• We started making our way towards the third green. It had a grandstand, and is a par-3, so we figured we would see all sorts of golfing – tee shots, bunker shots, chips, long putts, short putts, everything. On the way, we saw a group tee off on the second hole that featured English golfer Simon Khan. You always hear people yelling stuff when guys tee off, and I kind of halfheartedly wanted to come up with something funny that people might hear on television. I had recently seen the new Star Trek movie, so when I saw Khan’s name, I suggested we pull a William Shatner and yell “KHAAAAAAAAN!!” after he teed off. Everyone laughed, agreeing it was a good idea. Khan stepped to the tee, wound up, and hit his ball.
Nothing. We clammed up. Well, I clammed up, since there still weren’t very many spectators there on the second tee at that time of the morning, and I figured I would have looked and felt stupid. As for the other guys in my group, I don’t think they would have done it anyway. In the end, we kept saying “KHAAAAAAAN!!” throughout the day, generally in response to a poor shot. You know, because we’re so good ourselves.
• The third hole ended up being a bit controversial because of the way it was set up. Despite being a par-3, it was playing close to 250 yards, which means players had to take woods instead of irons to reach the green. That meant a reduction in loft, which meant that balls came in low and fast, often skipping through the green. Some of the shorter-hitting players came up short, leaving tough, lengthy lag putts to get close to the hole for an attempt at par. We saw what we expected: a couple birdies, some pars, some bogeys, and all sorts of shots ranging from poor to surprisingly good, considering that the first handful of guys to go through were 20 strokes over par through 56 holes.
• One guy, Shawn Stefani, hit his tee shot just to the left of the green. As he lined up his chip shot, he stumbled backwards into a bunker. He didn’t flat-out fall, but his stumble certainly elicited a chuckle from the grandstand.
(We’re not done with Stefani. Remember that name.)
• As noon was approaching, we decided to take a shot at getting seats in the 17th grandstand or near the 18th green. We made our way towards 18, which was right next to the first tee. As we crossed the first fairway, someone pointed out that Tiger Woods would be teeing off three groups later. We weren’t going to follow Tiger like a lot of people were, but at this point, there wasn’t an unmanageable crowd near the tee. Say what you want about him and his demeanor and off-the-course life choices, but he is arguably the greatest to ever play the game. Yes, I wanted to see him up close. We found a good spot and were able to see the world’s top-ranked player tee off at the U.S. Open. We later saw him tee off on the 14th hole and finish his round on 18. Whether you like him or not, it’s pretty cool to be 15 feet away from Tiger freaking Woods. As someone who cares way too much about sports, I cannot explain how insanely insane that is to me. Here I am five weeks later and I’m still like, dude, Tiger Woods.
• We spent the next seven and a half hours sitting in our camping chairs about five feet from the rope around the 18th green. Seriously, when we went over, there was a row of people along the rope and no one behind them. We were willing to camp, so we got to sit there. Just incredible. Plus, the players walked right behind us after teeing off on 14, so we could simply stand up and turn around to watch them go by. On top of all that, from our seats, you could see the players hitting off of the first tee as well. Well, you could see their clubs at the top of their swing, but still. All told, we saw every group. Some groups (KHAAAAAAAAANNNN!) we saw many, many times.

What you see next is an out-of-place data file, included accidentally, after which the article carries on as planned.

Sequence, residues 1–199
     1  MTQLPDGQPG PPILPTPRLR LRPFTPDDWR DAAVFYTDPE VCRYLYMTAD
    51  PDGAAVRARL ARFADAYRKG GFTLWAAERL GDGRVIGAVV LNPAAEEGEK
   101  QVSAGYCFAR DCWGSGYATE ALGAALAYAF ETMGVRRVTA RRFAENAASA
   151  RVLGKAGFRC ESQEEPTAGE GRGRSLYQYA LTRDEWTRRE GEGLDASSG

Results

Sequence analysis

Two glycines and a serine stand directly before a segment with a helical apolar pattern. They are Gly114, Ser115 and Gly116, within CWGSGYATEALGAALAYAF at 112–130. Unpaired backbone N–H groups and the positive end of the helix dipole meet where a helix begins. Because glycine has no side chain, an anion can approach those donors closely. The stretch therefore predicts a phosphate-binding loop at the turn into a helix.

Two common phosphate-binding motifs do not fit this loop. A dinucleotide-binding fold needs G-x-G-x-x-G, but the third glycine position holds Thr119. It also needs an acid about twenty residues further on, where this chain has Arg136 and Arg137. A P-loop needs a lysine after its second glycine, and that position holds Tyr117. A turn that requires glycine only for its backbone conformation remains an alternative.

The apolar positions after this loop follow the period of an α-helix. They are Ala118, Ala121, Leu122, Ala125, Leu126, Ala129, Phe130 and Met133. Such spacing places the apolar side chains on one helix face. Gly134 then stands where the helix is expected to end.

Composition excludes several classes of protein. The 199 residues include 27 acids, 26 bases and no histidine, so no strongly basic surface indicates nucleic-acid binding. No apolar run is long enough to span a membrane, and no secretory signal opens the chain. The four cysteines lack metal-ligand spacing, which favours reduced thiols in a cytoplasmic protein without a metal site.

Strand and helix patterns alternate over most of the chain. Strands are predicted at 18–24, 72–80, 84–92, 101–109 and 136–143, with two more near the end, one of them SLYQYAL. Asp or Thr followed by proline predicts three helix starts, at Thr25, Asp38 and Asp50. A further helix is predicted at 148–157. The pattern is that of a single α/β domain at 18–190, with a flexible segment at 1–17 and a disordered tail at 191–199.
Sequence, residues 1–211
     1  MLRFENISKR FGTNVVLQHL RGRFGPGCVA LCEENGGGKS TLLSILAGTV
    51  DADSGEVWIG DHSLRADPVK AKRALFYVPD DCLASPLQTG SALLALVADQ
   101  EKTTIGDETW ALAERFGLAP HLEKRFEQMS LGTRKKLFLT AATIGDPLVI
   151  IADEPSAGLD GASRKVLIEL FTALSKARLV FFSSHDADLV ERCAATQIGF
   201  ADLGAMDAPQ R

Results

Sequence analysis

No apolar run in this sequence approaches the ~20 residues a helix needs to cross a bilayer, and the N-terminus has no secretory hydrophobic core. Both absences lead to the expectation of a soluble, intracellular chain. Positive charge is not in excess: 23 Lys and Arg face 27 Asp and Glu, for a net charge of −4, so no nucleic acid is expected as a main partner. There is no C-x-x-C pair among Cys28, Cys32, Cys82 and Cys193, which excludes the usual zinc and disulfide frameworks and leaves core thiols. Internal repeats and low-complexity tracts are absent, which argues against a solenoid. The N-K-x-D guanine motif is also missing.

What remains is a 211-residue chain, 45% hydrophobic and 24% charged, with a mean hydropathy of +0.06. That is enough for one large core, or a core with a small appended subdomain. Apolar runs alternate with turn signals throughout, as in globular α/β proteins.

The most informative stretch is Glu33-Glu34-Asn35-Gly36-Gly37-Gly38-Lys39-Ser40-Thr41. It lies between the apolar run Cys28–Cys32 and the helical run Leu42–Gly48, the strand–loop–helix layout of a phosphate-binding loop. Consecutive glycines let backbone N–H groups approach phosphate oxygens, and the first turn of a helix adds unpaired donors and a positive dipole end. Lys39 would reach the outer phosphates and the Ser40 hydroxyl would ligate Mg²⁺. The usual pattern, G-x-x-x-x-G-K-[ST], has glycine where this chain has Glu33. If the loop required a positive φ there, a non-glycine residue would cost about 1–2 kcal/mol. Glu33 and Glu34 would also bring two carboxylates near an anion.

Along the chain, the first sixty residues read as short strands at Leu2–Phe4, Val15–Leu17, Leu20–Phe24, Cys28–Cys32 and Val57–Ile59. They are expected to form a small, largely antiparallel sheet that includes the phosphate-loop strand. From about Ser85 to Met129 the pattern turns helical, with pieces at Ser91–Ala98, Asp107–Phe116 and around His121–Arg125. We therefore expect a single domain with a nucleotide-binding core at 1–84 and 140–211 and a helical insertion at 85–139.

• I visited the merchandise tent on Wednesday, and ate something of a big breakfast, so I wasn’t really hungry when we hunkered down. The rest of the group was, and wanted to take a look at the merchandise, so I stayed put and watched guys finish out their rounds while the rest of the group made its way up the 18th fairway and behind the 17th grandstand to visit the souvenir and concession tents. When they came back, they told me they were walking by the grandstand when they heard a huge roar. I was 700 yards away, but didn’t hear anything, so I asked what happened.
In 18 USGA championships at Merion, no one had ever carded a hole-in-one. That changed early that afternoon, and the roar they heard was the crowd reacting to the ball going into the hole. They rushed over just in time to see someone reaching into the cup to pull out a ball.
That player? Shawn Stefani. Less than four hours earlier, he was the guy slipped and fell into a bunker. Now, he’s the only player to ever get a hole-in-one in a USGA championship at Merion. Since it happened, people who knew I attended the tournament asked if I saw the guy get the hole-in-one. I tell them no, but I did see him fall down. The thrill of victory and the agony of defeat.
• The biggest shock of the day? Four guys in their 20s went 12 hours without a cell phone (they were not allowed on the grounds). Once I got back to my car and turned it back on, I checked out Twitter and saw a lot of people using the hashtag “#MagnaCartaHolyGrail.” It turned out to be a new album from Jay Z, but at the time, I thought that it might have been what Kim Kardashian and Kanye West named their baby. Worst of all, my reaction was simply, “eh, sounds about right.” 2013, everybody.
• A number of players tossed golf balls or gloves into the crowd. One caddie gave away his hat. I can’t remember every guy who did, nor the guys who didn’t, but I will shout out Bubba Watson. He finished his round and didn’t toss anything to anyone; he just stood by the side of the green for a minute while his playing partner finished and his caddie got his bag situated. But then Bubba walked over to the grandstand, and we saw he had a marker and a half dozen balls. He signed each one and threw it to the crowd (one of my buddies almost got one). Good on you, Bubba.
• Many of the spectators near us had earpieces that carried the audio broadcast of the tournament, so we were able to keep up with what the leaders were doing while we watched the middle of the pack finish up. The giant leaderboard helped too. As the round went on, Rose stayed around 1-over, while Mickelson struggled early. He eagled the 10th hole to take the lead back, but his now-trademark falter unfolded over the back nine, and we knew it was pretty much going to be Justin Rose’s tournament to lose. As he was on my fantasy team, this was fine by me. Rose had also won a PGA event at nearby Aronimink Golf Club three years ago, so I thought it would be cool if he won for a second time in the Philadelphia area. A new adopted son, if you will, even though he’s English.